What separates a progressive democracy from stagnant authoritarianism is proportionality, we know that littering isn't equal in effect or damage to murder, so the punishment is proportioned to match that. We also know that in America all people should be equal before the law, with concrete evidence deciding a trial, in a situation where justice is blind from any outside influence that may affect a decision.
This case seems to break all three of these precepts, for one, the figure of $80,000 per song seems over-the-top for the crime. Two, it was openly admitted by the prosecutor Tim Reynolds that the above figure was chosen to make an example of Thomas-Rasset. And then to cap it off, the evidence of the crime seems based on very shaky waters. For one, the Record Industry Association of America (basically an affiliation between the biggest and most powerful record companies in the world) hired a company called MediaSentry to prove that the accused was guilty of copyright infringement. The company MediaSentry has been in hot water before; their tactics of attaining information can be described as dubious, at best.
Two years ago MediaSentry, again hired by the R.I.A.A, attempted to investigate students in various universities around the US. Their techniques of proving that students were guilty, involved MediaSentry visiting file-sharing sites, finding the posters of the material, then sending a ‘pre-litigation' letter to the University. These letters were not legally binding but were intended to be sent to the accused students, asking them to visit https://www.p2plawsuits.com/ where they could quickly pay $3500 for their infringement and settle their debts by credit card. Helpfully avoiding the pressures and openness of the legal system.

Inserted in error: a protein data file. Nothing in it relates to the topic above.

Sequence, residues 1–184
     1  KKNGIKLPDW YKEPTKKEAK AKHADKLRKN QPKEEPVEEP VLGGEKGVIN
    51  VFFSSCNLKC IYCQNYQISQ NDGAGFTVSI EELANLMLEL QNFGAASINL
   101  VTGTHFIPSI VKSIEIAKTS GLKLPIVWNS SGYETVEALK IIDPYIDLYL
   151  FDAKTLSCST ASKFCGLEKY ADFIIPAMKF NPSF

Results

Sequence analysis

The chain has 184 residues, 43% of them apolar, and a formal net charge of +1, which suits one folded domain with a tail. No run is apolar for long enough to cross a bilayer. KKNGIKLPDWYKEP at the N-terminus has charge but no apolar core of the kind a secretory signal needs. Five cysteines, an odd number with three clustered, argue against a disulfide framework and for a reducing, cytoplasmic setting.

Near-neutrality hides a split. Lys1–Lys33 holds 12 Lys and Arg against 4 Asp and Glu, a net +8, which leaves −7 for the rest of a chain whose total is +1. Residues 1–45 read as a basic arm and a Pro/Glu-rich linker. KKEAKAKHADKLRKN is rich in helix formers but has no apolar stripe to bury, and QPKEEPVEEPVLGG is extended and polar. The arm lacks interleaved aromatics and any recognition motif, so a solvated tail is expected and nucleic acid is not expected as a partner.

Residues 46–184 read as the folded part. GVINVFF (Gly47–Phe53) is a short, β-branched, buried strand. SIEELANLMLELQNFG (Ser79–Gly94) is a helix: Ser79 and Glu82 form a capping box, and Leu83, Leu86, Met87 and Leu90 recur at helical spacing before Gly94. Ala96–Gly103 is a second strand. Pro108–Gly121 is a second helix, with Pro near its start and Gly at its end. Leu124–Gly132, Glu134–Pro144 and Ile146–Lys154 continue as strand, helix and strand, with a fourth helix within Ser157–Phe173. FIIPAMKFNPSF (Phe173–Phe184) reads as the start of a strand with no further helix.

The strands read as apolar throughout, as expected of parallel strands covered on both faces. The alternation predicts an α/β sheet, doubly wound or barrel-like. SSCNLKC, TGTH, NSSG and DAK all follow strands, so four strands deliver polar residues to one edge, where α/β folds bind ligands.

However, the University of Oregon fought back, refusing to send out the pre-litigation letters, and going further to allege that MediaSentry was ‘obtaining private, confidential information unrelated to copyright infringement' . A scary precedent for a company that had no license for private investigation, a must for this kind of operation.
With Thomas-Rasset, MediaSentry did the same thing. They visited the file-sharing site Kazaa, posed as any other user and then downloaded 24 songs that the plaintiff had posted. That was the sum-total of the evidence the prosecutor relied on. As Steve Karnowski from Associated Press writes
‘Although the plaintiffs weren't able to prove that anyone but MediaSentry downloaded songs off her computer because Kazaa kept no such records, Reynolds told the jury it's only logical that many users had downloaded songs offered through her computer because that's what Kazaa was there for.'
Is that how we'd like our justice system to operate? Dishing out judgments and fines, based on assumption rather than evidence? This idea sets incredibly dangerous precedents for future trials of copyright infringement. It could easily result in a first time user to a file-sharing site, posting material that only one party downloads then being lumped in with much bigger and more established posters. Proportionality, it seems is disappearing into a very sticky Web.